PHOENIX, Ariz. — The Lantern of Hope positioned at the entry to Banner MD Anderson Cancer Center, was recognized among 15 architectural lighting design projects throughout seven countries at the 29th Annual International Association of Lighting Designers International Lighting Design Awards. The cancer center, located in Gilbert, Ariz., is a unique collaboration between Banner Health and The University of Texas MD Anderson Cancer Center.
Positioned at the entryway of the $109-million cancer center, the award-winning Lantern’s vivid, uniform glow serves as a beacon of hope and a symbol of the center’s commitment to the eradication of cancer. Judges noted the subtle color usage as a distinct differentiating factor within the project as many times color is over utilized in lighting design projects. Judges also noted the exceptional execution and design composition of the silhouette lighting in the vertical tower and the even wash of the horizontal awning.
“Symbols of hope abound at Banner MD Anderson Cancer Center,” said cancer center CEO Todd Werner. “We are honored that our lantern provides inspiration among such prominent architectural lighting design projects across the world.”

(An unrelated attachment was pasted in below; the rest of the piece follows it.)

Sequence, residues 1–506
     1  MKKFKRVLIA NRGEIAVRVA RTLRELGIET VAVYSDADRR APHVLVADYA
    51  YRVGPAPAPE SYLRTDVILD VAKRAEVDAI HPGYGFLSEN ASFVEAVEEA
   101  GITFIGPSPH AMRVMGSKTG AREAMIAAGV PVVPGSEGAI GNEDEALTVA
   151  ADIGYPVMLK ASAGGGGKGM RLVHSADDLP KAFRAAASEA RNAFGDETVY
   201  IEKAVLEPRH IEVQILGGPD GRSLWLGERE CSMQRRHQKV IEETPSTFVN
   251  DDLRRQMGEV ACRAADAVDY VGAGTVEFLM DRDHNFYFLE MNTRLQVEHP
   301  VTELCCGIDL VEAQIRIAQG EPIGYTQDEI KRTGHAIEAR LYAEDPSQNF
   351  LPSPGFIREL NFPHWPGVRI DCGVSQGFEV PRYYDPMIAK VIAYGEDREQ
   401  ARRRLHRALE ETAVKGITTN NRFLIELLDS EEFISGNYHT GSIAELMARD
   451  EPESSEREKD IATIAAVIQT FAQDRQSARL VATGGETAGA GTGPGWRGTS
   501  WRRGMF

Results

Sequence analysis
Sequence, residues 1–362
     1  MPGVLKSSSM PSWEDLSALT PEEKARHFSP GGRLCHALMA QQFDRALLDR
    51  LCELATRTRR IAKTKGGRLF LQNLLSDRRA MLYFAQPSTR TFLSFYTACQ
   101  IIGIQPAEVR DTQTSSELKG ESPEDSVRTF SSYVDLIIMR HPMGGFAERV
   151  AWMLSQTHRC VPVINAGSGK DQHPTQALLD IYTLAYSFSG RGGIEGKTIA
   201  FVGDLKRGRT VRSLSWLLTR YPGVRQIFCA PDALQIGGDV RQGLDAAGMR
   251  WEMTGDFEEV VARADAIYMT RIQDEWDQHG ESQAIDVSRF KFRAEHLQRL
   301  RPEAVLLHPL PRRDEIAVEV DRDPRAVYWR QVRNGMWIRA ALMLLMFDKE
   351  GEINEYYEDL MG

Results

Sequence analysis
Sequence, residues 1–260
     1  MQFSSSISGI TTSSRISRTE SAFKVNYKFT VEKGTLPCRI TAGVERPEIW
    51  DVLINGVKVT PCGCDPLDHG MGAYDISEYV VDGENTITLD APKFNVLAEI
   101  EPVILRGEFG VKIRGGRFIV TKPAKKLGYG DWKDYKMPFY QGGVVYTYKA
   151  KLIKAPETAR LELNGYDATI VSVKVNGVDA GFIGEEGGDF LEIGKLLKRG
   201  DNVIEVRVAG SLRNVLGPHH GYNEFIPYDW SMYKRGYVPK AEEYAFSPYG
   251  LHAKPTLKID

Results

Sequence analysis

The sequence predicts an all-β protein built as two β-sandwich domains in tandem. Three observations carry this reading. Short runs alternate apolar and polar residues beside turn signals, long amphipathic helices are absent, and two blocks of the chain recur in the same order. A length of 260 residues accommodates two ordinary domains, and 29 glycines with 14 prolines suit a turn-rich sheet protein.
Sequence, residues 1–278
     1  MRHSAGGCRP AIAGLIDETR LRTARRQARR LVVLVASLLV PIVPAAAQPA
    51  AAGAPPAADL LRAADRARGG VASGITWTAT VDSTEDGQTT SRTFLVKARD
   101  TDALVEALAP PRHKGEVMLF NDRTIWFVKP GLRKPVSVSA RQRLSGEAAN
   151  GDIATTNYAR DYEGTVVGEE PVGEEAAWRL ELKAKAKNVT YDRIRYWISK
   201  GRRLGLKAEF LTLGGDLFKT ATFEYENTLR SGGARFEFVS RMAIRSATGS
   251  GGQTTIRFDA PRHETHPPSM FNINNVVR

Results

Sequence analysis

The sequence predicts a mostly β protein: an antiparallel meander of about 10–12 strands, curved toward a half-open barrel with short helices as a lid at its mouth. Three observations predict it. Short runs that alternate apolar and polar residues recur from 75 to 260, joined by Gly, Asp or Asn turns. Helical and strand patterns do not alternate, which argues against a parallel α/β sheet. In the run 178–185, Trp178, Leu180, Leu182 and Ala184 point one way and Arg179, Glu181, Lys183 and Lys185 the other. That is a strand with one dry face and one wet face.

The Lantern of Hope was created with accessibility, maintenance and longevity in mind. Robust, yet small scale, IP66 luminaries with long-life LEDs were selected to withstand the hard desert climate and are situated in a double row at the base of the four-story panel spans in single rows at the bottom of the single-story spans.
The panels cladding the structure were cut to represent the canopy of the Palo Verde tree, also known as the “nurse” tree, fittingly, and filter sunlight to the entry and balconies through a fabric scrim by day while being backlit at night to create an inspiring visual icon. Playful contrasts of light and shadow provide a soft, luminous space of transition to the building during the day and relaxing vantage points for the ever-changing natural light show are offered from adjacent second and third floor balconies.
Generally, the lantern glows in lavender — the universal color for cancer awareness. Through the use of a DMX control package, Banner MD Anderson officials can also use the lantern to communicate cancer awareness months, holidays and special events through smoothly fading color and kinesis.
Architect for the Banner MD Anderson Cancer Center was Cannon Design. General contractor was DPR Construction.
Photo courtesy of Mark Skalny